The Ethics of William Carlos Williams's Poetry

The Ethics of William Carlos Williams's Poetry

Ian D. Copestake
Copyright Date: 2010
Edition: NED - New edition
Published by: Boydell and Brewer,
Pages: 180
https://www.jstor.org/stable/10.7722/j.ctt14brs3f
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  • Book Info
    The Ethics of William Carlos Williams's Poetry
    Book Description:

    William Carlos Williams (1883-1963) is the most influential figure in the development of American poetry in the twentieth century and into the twenty-first. His simple language and focus on the familiar objects and voices of everyday life pulled poetry out of the past and restored its ability to express contemporary experience. Williams believed passionately in poetry's usefulness, abhorring its perception as an esoteric pursuit and insisting on the impact it could have on the life of a reader if only made relevant to his or her experience. Examining the sources of this belief, Ian Copestake breaks new ground by tracing the enduring impact of Williams's youthful experience of Unitarianism on his poetry and arguing that Williams is a poet in an Emersonian tradition. Two chapters focus on Williams's long poem Paterson, arguing that its long gestation -- from 1927 to 1951 -- reflects its role as an ethical autobiography in progress. Copestake investigates sources that point to the ethical heart of Williams's poetry and to his lifelong belief that "It is difficult / to get the news from poems / yet men die miserably every day / for lack / of what is found there."BR> Ian D. Copestake is a Lecturer at the University of Bamberg, Germany and editor of the William Carlos Williams Review.

    eISBN: 978-1-57113-723-4
    Subjects: Language & Literature

Table of Contents

  1. Front Matter
    (pp. i-iv)
  2. Table of Contents
    (pp. v-vi)
  3. Acknowledgments
    (pp. vii-vii)
  4. List of Abbreviations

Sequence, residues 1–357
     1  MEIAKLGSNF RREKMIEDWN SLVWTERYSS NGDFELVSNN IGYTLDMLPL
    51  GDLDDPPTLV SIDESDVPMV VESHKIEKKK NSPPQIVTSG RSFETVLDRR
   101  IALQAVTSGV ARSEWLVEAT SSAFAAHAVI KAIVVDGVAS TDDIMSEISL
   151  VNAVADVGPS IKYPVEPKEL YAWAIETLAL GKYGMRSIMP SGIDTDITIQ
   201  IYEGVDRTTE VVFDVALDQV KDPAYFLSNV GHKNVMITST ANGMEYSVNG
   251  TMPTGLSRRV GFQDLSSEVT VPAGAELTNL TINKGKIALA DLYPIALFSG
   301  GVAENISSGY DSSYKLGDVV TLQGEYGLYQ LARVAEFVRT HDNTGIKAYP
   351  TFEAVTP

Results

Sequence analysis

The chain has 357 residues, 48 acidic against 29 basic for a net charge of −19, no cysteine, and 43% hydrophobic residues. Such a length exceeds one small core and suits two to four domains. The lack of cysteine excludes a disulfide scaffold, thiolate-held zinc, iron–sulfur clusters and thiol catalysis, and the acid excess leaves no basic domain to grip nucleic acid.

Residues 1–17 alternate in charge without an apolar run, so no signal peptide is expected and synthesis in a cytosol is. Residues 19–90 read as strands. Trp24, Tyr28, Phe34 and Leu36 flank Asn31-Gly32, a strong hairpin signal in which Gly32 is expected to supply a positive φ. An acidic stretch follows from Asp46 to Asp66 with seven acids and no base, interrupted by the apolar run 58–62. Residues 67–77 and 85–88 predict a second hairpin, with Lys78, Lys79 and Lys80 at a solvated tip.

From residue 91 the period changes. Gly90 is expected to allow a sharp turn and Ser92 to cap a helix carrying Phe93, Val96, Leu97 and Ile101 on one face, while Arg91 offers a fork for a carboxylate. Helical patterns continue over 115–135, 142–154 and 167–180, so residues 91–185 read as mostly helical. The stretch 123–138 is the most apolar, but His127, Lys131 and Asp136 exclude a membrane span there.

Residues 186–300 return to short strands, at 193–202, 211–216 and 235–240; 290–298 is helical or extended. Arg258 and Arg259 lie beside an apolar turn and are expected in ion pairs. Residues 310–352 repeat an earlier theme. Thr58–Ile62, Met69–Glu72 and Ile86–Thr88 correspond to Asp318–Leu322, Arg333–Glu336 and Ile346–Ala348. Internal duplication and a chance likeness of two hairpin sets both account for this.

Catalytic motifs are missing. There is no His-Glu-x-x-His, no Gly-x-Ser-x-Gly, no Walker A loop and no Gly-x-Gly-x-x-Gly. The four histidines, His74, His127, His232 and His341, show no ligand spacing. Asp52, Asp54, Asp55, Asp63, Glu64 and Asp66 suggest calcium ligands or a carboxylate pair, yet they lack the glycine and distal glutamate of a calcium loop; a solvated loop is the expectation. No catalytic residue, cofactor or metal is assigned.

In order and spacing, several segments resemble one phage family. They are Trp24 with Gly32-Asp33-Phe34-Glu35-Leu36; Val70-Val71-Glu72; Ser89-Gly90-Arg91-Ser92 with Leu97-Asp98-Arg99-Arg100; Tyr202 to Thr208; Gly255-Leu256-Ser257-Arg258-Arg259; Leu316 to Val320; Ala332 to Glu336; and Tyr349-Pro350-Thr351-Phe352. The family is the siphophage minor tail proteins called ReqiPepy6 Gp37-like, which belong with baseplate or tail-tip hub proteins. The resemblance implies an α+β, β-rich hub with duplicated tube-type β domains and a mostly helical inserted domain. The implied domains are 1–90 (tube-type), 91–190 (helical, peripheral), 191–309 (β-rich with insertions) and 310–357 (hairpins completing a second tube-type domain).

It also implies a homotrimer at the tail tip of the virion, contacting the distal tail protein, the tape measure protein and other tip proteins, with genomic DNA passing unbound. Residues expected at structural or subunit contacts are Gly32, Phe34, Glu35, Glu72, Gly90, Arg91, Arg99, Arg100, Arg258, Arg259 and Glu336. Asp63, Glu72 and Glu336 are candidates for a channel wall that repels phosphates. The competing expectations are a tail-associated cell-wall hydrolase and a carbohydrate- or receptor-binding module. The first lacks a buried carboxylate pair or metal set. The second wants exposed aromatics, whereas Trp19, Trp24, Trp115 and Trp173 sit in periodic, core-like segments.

(pp. viii-viii)
  5. Introduction
    (pp. 1-14)

    Poetry remains a peripheral art form whose relevance to everyday life is not well understood. William Carlos Williams bridged that gap by insisting that the language of poetry should be the same as the language people used everyday, and in so doing he played a pivotal role in the development of twentieth-century American poetry. He believed poetry could show simple language to be capable of fresh expression and open to the conveyance of new thoughts and ways of thinking. Such was poetry’s importance to Williams that from the date of his first publication in 1909 to his last in 1962,...

  6. 1: The Basis of Williams’s Faith in Art
    (pp. 15-31)

    In 1906 Williams expressed his hatred for “this medieval conception of a divine power with frowning brows who swats us one when we get in a dark corner,”¹ an observation later echoed in his condemnations of the “Bible damnation theorem” with its postponement of “perfectibility to ‘heaven’ and all that heaven implies.”² For Williams his stance against religion was part of his resistance to anything that acted as a barrier to valuing temporal and contemporary reality. Such statements have reinforced a critical consensus on Williams’s secular worldview, while the few commentaries that mention his religious background follow Mike Weaver’s argument...

  7. 2: Williams among the Pre-Raphaelites
    (pp. 32-61)